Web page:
Be funny. Be sarcastic. Be vulgar. Be inspiring. Be something that you don’t see the big media companies do.
Gary Arndt Emily, yes. My life is a giant way to scam free drinks out of readers :)
Emily Chase Smith I’m also intrigued by you ” doing things other people want to do.” You’re taking them where they want to be.
TBEX HA! “Have an interesting personality.” Noted. I’ll work on that. ;)
Rick Wolff Were/are there any things in the personal contact sphere that gave you pause, or hesitation?
Rick Wolff I.e., that you didn’t want to do?
Gary Arndt When I made the decision to make a business out of this, I realized i had to do what the mainstream writers weren’t doing.

I travel FAR more than any traditional travel writer in the world. I’ve committed myself to a lifestyle and I think that is reflected in my audience.

You can’t fake that level of commitment and I think people respect it.
Women on the Road How far should you go in sharing who you are and how you live? Where do you draw that line?
Megan Enloe So….be controversial?
TBEX Is the online travel space any different from any other market in this regard? In other words, is the “be personal” advice applicable to every industry? Or do you see some areas where it works better than others?
New Media Expo Women on the Road As Gary Arndt seems to live everywhere, I imagine he has different lines.
Gary Arndt Rick, no. I’ve never had a problem with it. Everyone is very respectful and usually just have lots of questions about traveling and the places I’ve been.
Gary Arndt Women on the Road, Everyone has to set their own boundaries. I’ve talked to many female bloggers who, understandably, have different limits that I do.

As a general rule, however, the more open the better.
Shane Ketterman Sorry I’m Late! Welcome Gary and so happy you are speaking at NMX :)
Gary Arndt TBEX, I don’t think it is true in print, with the exception of columnists. Most want a consistent voice for their publication. The Economist doesn’t even list article authors.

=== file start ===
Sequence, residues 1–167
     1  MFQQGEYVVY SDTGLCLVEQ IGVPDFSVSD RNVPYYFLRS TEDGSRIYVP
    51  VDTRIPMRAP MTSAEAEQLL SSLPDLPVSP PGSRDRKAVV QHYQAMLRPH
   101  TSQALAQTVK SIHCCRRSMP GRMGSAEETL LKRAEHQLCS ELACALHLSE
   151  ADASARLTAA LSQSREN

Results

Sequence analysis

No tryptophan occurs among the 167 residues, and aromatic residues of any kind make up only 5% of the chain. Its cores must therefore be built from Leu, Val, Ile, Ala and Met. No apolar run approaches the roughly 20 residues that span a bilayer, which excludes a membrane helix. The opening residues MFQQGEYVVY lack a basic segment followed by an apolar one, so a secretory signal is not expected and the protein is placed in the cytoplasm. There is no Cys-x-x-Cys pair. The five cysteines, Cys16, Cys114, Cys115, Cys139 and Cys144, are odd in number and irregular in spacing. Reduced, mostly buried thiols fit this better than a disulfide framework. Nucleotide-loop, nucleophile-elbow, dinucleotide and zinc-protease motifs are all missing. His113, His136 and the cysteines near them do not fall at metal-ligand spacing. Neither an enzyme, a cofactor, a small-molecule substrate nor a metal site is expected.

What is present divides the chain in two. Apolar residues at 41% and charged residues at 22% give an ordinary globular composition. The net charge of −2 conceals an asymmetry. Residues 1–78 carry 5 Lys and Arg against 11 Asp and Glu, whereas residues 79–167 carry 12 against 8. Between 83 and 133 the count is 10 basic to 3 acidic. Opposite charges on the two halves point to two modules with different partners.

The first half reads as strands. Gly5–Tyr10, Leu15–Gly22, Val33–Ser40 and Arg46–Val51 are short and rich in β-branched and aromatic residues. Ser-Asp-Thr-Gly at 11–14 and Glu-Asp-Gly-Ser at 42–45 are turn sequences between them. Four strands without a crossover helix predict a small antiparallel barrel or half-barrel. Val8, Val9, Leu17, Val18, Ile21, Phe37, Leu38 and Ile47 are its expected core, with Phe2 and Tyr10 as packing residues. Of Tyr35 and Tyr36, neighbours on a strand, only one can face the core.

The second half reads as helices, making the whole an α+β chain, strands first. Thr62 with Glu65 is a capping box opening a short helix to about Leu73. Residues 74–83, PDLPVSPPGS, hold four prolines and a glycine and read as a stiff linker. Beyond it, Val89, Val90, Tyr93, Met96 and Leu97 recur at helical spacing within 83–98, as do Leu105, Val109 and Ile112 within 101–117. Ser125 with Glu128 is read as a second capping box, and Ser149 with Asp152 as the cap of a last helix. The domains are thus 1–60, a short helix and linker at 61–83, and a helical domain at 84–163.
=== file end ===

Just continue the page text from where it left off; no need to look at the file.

It is less of an issue on television, but even then there are limits to what on air personalities can do/say.
Gary Arndt Megan, not necessarily. Saying repulsive/racist things will get you attention, but it wont get you fans.

You have to have an opinion and be able to defend it. People will respect you even if they disagree.
TBEX Women on the Road Speaking as a woman, when I travel by myself I’m fairly public about where I am (country, city) but I don’t check into Foursquare publicly, for instance. In some cases, I don’t even check into Foursquare until I’m leaving that place – especially if it’s the hotel I’m staying in! :)
New Media Expo Gary Arndt By “the more open the better” do you mean people should share home towns and Foursquare checkins?
Gary Arndt You’ve all heard the phrase “create amazing content”. I think that is true, but personality can often be the well that the content comes from.

Gary Vaynerchuk for example didn’t get his audience because people like wine tasting shows. He got it because he’s Gary Vaynerchuk.
Gary Arndt New Media Expo, with what I do in travel, sure. But again, I can understand if people don’t want to do that. I don’t think Foursquare is a deal breaker.

It isn’t just sharing your location (but that can be part of it), it is sharing your opinions and feelings as well.
New Media Expo Gary Arndt – Who do you write for besides yourself?
Gary Arndt TBEX, who is this? Mary Jo or Jessica? :)
Gary Arndt New Media Expo, as in outlets? I don’t really write for anyone.

I do occasionally have photography showcased on Outside Magazine, but that’s about it.